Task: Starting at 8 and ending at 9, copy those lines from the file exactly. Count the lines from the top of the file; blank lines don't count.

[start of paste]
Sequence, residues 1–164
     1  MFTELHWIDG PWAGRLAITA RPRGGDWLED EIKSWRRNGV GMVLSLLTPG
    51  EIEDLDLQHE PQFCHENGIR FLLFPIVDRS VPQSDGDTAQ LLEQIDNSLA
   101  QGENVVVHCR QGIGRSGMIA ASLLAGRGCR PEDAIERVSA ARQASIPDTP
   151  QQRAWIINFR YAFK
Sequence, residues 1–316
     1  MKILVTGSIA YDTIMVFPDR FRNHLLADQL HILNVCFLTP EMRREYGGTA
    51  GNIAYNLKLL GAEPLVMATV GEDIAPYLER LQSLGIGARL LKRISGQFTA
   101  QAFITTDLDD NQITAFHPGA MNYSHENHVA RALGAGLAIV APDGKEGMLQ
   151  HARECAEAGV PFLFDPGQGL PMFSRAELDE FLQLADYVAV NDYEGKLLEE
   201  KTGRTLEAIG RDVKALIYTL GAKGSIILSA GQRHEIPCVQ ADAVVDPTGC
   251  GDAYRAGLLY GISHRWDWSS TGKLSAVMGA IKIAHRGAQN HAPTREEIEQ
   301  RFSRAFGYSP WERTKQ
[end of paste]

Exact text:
    51  GNIAYNLKLL GAEPLVMATV GEDIAPYLER LQSLGIGARL LKRISGQFTA
   101  QAFITTDLDD NQITAFHPGA MNYSHENHVA RALGAGLAIV APDGKEGMLQ